Finally, on 23 May 1493, the Treaty of Senlis was signed, in which Charles agreed to release Margaret and her dowry to her father. The 13-year-old Margaret was finally allowed to go home. Despite the snub, King Charles gave Margaret a magnificent farewell and on 12 June, she was officially transferred into the custody of her father’s ambassadors. Saying goodbye to her French retinue was difficult for her, and she gave Madame de Segré several expensive gifts. At the head of the Burgundian welcoming party stood Margaret of York, her step-grandmother. Her brother Philip welcomed her in the city of Bergen, and they returned to court at Mechelen. The would-be Queen of France was home again.

For now, the excellent education she received in France was continued under the watchful eye of Margaret of York. In 1494, she got to know the Low Countries a bit more during the celebrations for her brother’s majority. They travelled to Antwerp, Brussels and Maastricht. In Antwerp, Margaret witnessed the welcoming ceremony for her father’s new wife, Bianca Maria Sforza. Meanwhile, he was also looking for a new strong alliance, and he found it with Queen Isabella I of Castile and King Ferdinand II of Aragon. A double marriage between Philip and the couple’s second daughter, Joanna, and Margaret and the couple’s only son and heir, John, was planned. Once again, Margaret could become a Queen.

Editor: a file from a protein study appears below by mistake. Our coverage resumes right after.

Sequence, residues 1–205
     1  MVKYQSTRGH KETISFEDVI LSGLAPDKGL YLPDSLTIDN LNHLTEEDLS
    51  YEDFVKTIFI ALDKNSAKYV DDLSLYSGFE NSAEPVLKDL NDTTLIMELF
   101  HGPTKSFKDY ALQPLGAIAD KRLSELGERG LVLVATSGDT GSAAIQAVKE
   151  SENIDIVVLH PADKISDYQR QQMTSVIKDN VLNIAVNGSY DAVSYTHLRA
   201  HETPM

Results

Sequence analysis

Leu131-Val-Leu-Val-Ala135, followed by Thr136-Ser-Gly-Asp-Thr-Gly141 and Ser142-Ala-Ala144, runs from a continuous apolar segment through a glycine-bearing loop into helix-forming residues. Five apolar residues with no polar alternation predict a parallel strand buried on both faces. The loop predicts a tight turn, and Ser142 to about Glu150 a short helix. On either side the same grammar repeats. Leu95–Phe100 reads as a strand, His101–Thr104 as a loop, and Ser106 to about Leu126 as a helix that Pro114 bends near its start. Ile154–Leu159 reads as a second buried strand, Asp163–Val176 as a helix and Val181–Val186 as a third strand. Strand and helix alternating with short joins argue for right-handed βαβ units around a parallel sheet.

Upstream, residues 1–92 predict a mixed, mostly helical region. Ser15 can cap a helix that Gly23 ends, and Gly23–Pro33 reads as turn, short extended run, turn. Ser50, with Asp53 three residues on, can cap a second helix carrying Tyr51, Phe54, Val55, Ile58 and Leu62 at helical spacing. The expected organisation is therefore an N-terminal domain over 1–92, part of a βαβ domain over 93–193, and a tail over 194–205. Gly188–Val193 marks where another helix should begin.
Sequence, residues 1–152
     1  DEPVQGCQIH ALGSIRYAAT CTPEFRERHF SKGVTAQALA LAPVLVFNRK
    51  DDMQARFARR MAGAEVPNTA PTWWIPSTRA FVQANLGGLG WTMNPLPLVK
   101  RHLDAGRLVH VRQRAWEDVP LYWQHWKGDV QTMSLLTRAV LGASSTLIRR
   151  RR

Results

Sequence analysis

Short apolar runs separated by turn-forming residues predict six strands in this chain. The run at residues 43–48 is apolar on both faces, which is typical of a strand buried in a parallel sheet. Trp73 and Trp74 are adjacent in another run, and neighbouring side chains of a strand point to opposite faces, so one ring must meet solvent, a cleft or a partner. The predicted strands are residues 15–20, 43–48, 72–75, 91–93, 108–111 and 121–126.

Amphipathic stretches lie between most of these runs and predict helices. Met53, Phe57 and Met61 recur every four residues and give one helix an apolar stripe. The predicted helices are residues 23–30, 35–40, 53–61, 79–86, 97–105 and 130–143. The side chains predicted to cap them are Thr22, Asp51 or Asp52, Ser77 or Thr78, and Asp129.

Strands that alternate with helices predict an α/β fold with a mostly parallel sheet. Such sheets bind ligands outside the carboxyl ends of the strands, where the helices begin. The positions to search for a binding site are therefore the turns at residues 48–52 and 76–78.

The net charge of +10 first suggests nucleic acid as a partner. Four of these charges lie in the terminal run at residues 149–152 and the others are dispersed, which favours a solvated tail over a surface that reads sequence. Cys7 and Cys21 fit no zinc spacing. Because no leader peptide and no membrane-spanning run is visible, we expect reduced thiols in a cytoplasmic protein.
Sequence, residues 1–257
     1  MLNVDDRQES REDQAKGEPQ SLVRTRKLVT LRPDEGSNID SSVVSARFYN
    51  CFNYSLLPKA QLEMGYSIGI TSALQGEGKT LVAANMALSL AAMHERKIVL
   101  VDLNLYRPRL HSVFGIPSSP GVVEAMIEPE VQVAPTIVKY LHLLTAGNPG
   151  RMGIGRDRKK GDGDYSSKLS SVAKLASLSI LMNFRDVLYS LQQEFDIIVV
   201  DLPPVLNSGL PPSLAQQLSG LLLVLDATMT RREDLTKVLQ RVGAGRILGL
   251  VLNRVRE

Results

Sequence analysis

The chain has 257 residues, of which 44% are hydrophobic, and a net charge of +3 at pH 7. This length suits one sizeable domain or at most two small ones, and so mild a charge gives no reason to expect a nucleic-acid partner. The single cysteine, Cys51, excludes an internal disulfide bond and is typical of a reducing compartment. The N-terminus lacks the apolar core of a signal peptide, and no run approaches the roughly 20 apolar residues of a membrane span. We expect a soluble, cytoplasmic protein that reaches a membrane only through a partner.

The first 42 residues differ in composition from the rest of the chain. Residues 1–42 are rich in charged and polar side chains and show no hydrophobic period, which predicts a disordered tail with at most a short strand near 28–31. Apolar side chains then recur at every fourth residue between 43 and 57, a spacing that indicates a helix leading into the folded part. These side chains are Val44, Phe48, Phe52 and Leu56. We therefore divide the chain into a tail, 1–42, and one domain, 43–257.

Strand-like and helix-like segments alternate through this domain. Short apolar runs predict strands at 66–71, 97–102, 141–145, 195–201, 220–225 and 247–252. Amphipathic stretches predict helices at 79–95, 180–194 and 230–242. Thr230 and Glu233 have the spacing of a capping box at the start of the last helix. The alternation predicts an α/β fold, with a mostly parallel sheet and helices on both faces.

On 5 November 1495, both weddings took place by proxy at the Saint Peter’s Church in Mechelen. Margaret was given a dowry of 200,000 ducats, although she did have to give up her rights in Burgundy. Joanna would be the first to travel to the Low Countries to marry Philip in person before Margaret would travel to Castile to marry John. Joanna left Laredo on 22 August 1496 and arrived at Walcheren on 9 September. The in-person wedding took place on 18 October in the Saint Gummarus Church in Lier. Margaret would now travel to Castile in the same fleet that had brought Joanna. However, the weather was quite adverse, but a route over land was not possible due to the political tensions.

On 22 January 1497, it was decided to set sail, even though the weather was still not ideal. The ships were forced to land near the English coast during a storm. King Henry VII immediately sent food and aid, and the ships were forced to wait for three weeks. During a second attempt, Margaret’s ship hit another ship, and a terrified Margaret jumped from the ship into a boat. During the third attempt, many ships in the fleet were destroyed during subsequent storms, and Margaret wrote this melancholic verse, “Here lies Margaret, the willing bride, twice married but a virgin when she died.”4

On 6 March 1497, two ships limped into the harbour of Santander, and one of them carried Margaret.

Read part two here.

  1. Margareta van Oostenrijk by Johan de Cock p.17
  2. Margareta van Oostenrijk by Johan de Cock p.21
  3. Margareta van Oostenrijk by Johan de Cock p.22
  4. Margareta van Oostenrijk by Johan de Cock p.29






About Moniek Bloks 2746 Articles
My name is Moniek and I am from the Netherlands. I began this website in 2013 because I wanted to share these women's amazing stories.